Irish News

Wednesday 30 July 2014

Aoife's brother: 'I'll never forget my parents crying in each other's arms'

Donal Lynch listens as the family of murdered Aoife Phelan gather strength one last time to tell of their living nightmare

Donal Lynch

Published 25/05/2014|02:30

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The parents of Aoife Phelan, Michael and Betty Phelan, leaving the court with their son Daire after Robert Corbet  was found guilty of her murder. Collins Courts
The parents of Aoife Phelan, Michael and Betty Phelan, leaving the court with their son Daire after Robert Corbet was found guilty of her murder. Collins Courts
Robert Corbert was found guilty of murdering Aoife Phelan.
Robert Corbert was found guilty of murdering Aoife Phelan.
Aoife Phelan
Aoife Phelan

DURING the long, tense wait for a verdict, Aoife Phelan's large, close family huddled together on an upper floor of the Central Criminal Court to quietly play a little of the music she had always loved.

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'One Sweet Day' by Mariah Carey was a particular favourite. Her sister, Shona, had tried to sing the song at Aoife's funeral but became too overcome by emotion to finish it. Now, Aoife's best-loved tunes seemed like a salve for the wound left by her absence as her family gathered their strength one last time and made their way back toward the court.

Inside the panelled chamber the atmosphere was electric as the jury returned for a third time from their deliberations. Murder accused Robert Corbet had allowed himself a small smile after their last exit, perhaps considering that the length of time they had taken boded well, despite the evidence being stacked against him. Around the courthouse there had been much talk during the week of how the gender balance of this particular jury – nine men and three women – might affect their view Corbet defence of provocation.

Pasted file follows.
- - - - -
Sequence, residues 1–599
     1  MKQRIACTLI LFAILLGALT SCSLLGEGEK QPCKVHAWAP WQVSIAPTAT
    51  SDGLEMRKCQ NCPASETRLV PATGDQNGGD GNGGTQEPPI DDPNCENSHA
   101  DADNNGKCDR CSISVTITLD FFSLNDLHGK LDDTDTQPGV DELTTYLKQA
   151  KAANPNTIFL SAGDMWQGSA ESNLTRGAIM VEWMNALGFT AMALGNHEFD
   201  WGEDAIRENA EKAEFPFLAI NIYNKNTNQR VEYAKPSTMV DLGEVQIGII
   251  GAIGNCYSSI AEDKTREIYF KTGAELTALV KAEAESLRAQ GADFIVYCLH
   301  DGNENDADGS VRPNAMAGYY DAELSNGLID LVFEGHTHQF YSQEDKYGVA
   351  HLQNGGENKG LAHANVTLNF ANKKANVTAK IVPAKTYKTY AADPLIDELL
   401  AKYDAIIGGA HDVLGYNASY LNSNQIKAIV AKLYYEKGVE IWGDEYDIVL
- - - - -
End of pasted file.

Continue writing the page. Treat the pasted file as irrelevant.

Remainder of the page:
The word used time and again by the Mr Justice Garrett Sheehan in his instructions to them was "passion".

Could they divine Corbet's state of mind and level of self-control when he killed Aoife Phelan from all they had heard over the two-week trial?

Corbet, a seemingly quiet 25-year-old haulier, and Aoife, a 30-year-old nanny, had been involved with each other since they met at a nightclub in Portlaoise. In the ensuing months she had claimed she was pregnant and there had been a blizzard of thousands of texts between herself and Corbet. He held out hope of resuscitating a relationship with an ex-girlfriend and Aoife, especially if she was pregnant, would have been an obstacle to this.

He felt pressurised and cornered, he said. But was this really enough to make him snap? And what, as prosecutor Isobel Kennedy SC raised in her closing arguments, of his seemingly clear and detailed recall of the moments he assaulted and strangled Aoife. Did this really speak of a man hijacked by passion?

The foreman rose and extinguished Corbet's last glimmer of hope: guilty by a 10-2 majority. There were muted sobs of joy and backslaps on the victims benches. Corbet put his head in his hands – the same spade-like hands that had murdered Aoife Phelan – and when he looked up, he looked toward the door, perhaps eager to get on with the sentence. But first he would have to hear from Aoife's family, in their own words, just what kind of pain he had caused.